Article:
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Zen Story: The student who lost his question, but found his answer

Frank was a student of the great Zen master, Doshi Rochellel.

Frank had been studying with this master for several years now, but he still had a lot of unanswered questions about Zen.

For one thing, he wanted to know what Zen practice had to do with God, if anything.

At the end of each month, he was allowed a one on one meeting with the master, where he could pose a question or two to the master, who would then provide his student with an answer, usually a very appropriate one, for the stage of his student’s learning of Zen, and which he was always aware of.

Frank had his question ready this next month. He had been thinking about it for the whole month, nearly every day, of that month.

It was,

“If God exists, why does Zen exist? If Zen exists, why the need for God?”

He thought that that question might stonker the old man, and gain himself some respect, for coming up with such a question of such substance.

Zen Buddhism does not believe in the need for a personal God, but is the Zen master personal, or not, to his student?

To Zen Buddhism, a personal God cannot exist, because such a God can never be personal, because he is unknowable.

Someone who thinks that they know God, are always only just imagining it to be so, they claim.

The meeting time soon arrived, and Frank went in and he sat down on the cushion right next to the master, likewise seated on his own cushion.

Frank looked at the master looking at him, and frankly then, Frank forgot what his question had been, altogether. It was no longer in his mind, at all. His mind was blank, empty, of any idea of what his question had been.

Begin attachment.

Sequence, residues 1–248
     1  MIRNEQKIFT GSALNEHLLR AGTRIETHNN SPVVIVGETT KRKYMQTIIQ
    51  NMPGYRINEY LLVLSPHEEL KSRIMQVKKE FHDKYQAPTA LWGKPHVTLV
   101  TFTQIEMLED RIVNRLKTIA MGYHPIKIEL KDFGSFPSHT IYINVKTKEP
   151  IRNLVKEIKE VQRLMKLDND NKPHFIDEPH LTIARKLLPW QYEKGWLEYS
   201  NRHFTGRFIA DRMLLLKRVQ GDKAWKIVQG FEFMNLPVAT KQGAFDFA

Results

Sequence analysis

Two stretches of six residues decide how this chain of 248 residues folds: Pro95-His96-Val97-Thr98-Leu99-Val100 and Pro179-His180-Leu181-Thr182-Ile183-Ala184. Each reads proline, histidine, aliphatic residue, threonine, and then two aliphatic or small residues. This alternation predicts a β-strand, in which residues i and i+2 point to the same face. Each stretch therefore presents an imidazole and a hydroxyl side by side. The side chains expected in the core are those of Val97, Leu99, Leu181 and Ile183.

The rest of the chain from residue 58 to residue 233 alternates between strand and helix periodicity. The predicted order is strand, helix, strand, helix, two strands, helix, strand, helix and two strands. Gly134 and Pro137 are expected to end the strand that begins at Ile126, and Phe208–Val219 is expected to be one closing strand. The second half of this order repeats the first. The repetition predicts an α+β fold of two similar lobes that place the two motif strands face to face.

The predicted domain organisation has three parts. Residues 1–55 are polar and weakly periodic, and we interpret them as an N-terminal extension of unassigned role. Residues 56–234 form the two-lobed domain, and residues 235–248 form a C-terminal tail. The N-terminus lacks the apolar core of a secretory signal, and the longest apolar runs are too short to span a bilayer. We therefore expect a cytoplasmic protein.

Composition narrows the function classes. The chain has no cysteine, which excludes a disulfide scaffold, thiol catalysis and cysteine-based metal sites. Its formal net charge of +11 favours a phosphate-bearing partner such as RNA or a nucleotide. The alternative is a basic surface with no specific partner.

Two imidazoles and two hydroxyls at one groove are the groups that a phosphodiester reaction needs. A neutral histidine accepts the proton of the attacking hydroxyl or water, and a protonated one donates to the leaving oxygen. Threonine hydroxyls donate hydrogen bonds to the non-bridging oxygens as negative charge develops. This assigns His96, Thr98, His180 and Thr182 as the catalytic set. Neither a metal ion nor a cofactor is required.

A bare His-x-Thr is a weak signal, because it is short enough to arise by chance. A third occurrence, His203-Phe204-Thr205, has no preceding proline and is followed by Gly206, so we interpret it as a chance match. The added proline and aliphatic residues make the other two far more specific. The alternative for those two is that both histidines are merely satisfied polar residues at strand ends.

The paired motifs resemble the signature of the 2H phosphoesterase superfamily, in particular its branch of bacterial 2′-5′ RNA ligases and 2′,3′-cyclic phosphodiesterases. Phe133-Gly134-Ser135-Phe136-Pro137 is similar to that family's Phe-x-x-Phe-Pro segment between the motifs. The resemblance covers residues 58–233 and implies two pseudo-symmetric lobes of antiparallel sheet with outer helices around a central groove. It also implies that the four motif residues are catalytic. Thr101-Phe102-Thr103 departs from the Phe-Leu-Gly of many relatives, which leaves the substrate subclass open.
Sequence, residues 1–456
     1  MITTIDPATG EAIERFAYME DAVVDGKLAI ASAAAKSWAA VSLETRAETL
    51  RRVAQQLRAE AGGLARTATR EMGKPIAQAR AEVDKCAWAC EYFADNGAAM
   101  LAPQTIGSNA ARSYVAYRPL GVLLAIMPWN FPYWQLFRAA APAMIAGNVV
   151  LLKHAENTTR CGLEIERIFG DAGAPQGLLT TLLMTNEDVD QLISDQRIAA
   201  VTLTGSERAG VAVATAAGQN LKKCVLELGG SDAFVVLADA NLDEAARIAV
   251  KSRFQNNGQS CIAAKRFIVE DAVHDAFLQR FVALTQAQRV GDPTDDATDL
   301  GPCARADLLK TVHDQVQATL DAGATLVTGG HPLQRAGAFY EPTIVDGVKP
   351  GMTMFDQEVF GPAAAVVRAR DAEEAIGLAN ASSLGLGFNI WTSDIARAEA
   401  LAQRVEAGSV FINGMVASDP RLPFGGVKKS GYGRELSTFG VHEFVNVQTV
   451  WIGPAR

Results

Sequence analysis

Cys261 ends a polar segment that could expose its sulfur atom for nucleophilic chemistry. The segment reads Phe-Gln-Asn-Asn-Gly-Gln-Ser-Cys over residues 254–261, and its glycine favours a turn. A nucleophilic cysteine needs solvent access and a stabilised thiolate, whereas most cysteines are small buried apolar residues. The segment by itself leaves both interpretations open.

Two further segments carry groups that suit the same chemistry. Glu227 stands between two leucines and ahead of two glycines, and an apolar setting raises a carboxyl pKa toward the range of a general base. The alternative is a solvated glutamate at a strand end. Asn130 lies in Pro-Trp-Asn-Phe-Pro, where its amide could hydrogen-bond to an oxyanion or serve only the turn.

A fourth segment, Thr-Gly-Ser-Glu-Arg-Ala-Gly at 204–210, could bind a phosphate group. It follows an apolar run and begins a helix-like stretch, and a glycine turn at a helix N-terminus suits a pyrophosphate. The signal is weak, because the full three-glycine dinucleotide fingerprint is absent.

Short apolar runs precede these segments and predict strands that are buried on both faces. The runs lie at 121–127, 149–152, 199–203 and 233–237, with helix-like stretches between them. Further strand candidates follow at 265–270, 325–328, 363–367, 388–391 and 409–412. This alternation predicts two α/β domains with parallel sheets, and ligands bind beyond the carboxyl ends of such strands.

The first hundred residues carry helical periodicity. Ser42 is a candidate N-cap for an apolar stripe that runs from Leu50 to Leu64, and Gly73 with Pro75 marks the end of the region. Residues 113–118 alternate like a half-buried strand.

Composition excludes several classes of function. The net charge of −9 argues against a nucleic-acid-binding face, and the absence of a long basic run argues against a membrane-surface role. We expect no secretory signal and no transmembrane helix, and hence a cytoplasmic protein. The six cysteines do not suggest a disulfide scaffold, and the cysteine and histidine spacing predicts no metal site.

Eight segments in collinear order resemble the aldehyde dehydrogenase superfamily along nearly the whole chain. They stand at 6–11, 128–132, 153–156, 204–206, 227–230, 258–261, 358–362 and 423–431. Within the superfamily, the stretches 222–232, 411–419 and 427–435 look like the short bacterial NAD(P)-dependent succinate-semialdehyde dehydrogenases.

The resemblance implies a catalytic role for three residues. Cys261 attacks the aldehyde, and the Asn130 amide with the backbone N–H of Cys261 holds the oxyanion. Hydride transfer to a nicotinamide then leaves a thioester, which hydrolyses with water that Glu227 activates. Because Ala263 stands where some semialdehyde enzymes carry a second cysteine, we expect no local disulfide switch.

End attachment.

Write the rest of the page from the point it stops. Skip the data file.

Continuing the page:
The master asked Frank, “What is your question for me this month then, Frank.”

Frank squirmed within himself to come up with a pertinently good question for this moment. He didn’t want to look like a fool, in the eyes of this great master, who he knew had little time for fools, or did he?

Looking at the master’s cushion, he asked the master,

“Why do we need such comforts?”

The master smiled at Frank, and then he said in reply,

“The depth of any question is its comfortability quotient for the student, and the master always coaches his reply to match this suitabilityness of his student.”

“God is the cushion we sit on, and Zen is the way we feel the comfortability of it, or not. Be comfortable with your life at all times, and enjoy the soft cushioning of yourself within and upon God’s love for you, my friend.”

Frank went out feeling the love of his master for himself. He knew that this love was actually God. God connects all together with his love, which is himself in you.

What do you think?

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Written by The Dunce

I like to write from time to time, short stories, poetry, and deeply questioning articles, mainly about spiritual subjects, or personal development type things, of interest to me.

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